With this year’s release of Best Hospitals rankings, U.S. News & World Report developed measures aimed at capturing how effectively hospitals contribute to racial health equity in their communities, including an assessment that focuses on hospitalizations for conditions such as asthma, diabetes or high blood pressure. With adequate outpatient management, these types of “ambulatory care sensitive conditions” often do not require hospitalization, so examining such potentially preventable occurrences across racial groups can offer a window into possible disparities in preventive care. Potentially preventable hospitalizations help shed light on the physical and social conditions influencing health in a community.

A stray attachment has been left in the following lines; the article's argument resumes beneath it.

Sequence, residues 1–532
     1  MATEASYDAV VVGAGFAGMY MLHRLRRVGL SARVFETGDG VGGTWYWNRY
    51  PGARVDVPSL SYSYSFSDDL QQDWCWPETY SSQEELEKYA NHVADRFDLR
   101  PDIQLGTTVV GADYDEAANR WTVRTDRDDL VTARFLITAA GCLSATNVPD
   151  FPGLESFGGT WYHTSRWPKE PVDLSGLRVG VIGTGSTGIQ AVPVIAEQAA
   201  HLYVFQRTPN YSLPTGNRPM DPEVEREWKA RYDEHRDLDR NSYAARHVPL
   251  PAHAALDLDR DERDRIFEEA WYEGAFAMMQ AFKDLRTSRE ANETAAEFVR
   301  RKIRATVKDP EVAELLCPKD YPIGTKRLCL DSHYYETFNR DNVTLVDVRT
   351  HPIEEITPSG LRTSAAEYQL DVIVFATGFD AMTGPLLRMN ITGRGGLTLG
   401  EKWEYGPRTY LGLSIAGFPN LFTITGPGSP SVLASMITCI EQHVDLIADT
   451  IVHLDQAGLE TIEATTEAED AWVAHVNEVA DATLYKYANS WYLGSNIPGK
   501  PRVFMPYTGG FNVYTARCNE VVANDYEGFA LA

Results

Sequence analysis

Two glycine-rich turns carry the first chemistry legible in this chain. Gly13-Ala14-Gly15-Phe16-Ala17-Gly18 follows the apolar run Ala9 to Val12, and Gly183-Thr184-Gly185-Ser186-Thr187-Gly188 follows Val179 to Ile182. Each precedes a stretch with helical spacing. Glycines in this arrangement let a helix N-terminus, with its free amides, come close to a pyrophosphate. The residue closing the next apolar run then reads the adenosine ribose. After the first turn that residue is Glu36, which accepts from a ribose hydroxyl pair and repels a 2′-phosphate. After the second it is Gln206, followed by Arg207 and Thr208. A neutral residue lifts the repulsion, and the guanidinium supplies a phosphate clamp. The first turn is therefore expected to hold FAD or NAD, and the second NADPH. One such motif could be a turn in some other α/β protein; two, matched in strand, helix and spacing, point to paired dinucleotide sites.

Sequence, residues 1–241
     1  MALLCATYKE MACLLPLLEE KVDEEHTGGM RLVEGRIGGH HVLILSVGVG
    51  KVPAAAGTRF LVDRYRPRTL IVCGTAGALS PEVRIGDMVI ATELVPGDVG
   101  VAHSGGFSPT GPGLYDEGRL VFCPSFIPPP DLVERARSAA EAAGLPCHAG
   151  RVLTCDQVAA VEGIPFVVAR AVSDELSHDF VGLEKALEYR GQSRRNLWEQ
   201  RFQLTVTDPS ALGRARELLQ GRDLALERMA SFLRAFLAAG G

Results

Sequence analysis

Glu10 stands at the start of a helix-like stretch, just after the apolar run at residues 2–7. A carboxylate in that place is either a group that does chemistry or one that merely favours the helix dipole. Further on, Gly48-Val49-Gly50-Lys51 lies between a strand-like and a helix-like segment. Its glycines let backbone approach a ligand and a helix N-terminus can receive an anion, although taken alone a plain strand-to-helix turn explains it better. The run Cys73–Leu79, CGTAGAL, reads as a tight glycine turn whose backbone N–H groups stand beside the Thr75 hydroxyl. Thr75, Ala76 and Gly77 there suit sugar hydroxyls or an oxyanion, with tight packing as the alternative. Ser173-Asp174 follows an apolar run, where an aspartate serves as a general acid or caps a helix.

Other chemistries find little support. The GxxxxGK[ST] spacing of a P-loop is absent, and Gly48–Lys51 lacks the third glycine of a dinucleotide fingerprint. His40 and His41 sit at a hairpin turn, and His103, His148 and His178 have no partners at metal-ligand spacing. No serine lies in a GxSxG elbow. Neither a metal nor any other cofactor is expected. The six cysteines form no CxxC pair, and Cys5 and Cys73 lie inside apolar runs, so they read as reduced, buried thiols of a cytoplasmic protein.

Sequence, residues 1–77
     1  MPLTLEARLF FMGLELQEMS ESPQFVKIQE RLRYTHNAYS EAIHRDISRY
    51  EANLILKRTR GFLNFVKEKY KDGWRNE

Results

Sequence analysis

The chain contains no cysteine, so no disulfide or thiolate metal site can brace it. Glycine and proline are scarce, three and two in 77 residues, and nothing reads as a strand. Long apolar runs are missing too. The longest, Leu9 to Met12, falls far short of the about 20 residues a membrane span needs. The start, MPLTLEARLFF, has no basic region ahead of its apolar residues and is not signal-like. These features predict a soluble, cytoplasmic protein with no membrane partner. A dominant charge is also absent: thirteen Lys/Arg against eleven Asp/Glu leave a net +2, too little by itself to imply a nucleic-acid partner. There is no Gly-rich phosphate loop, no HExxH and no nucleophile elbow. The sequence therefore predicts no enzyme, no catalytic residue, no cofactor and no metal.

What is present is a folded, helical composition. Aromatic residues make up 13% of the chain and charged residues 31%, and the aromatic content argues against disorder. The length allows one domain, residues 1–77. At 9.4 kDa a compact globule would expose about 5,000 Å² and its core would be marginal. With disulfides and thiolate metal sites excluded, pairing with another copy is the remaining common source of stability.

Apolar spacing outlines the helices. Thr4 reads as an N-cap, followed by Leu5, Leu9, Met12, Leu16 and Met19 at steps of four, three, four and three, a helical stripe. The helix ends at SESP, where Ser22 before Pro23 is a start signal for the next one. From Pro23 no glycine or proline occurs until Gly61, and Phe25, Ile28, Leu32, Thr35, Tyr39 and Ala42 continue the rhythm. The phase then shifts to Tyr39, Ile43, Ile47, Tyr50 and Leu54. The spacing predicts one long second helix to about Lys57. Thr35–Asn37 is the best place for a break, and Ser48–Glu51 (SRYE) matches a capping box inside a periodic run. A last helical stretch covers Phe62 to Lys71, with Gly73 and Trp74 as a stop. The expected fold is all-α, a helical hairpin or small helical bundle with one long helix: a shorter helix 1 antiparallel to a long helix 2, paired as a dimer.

The Best Hospitals assessment compares the rates of potentially preventable hospitalizations among Black and non-Black Medicare beneficiaries in a given hospital service area, or HSA – a group of ZIP codes representing the community served by a hospital. Using data from 2015 – the most recent year this type of data was available by race – HSA discharge rates for Black beneficiaries with these conditions are also compared with the average discharge rate for all beneficiaries nationwide. HSAs are then placed into one of four categories based on their performance. They’re placed in one of three categories based on their performance over time.
Close to 400 HSAs were assessed on a community level, with a similar total assessed in comparison to the national average. Overall, 229 HSAs representing 645 hospitals landed in the best category available for at least one of the three preventive care metrics. Yet in more than 70% of the HSAs analyzed, Black beneficiaries were moderately to substantially more likely than non-Black beneficiaries to be hospitalized with these conditions. The U.S. News assessment of preventive care offers a starting point for understanding health equity in hospital communities.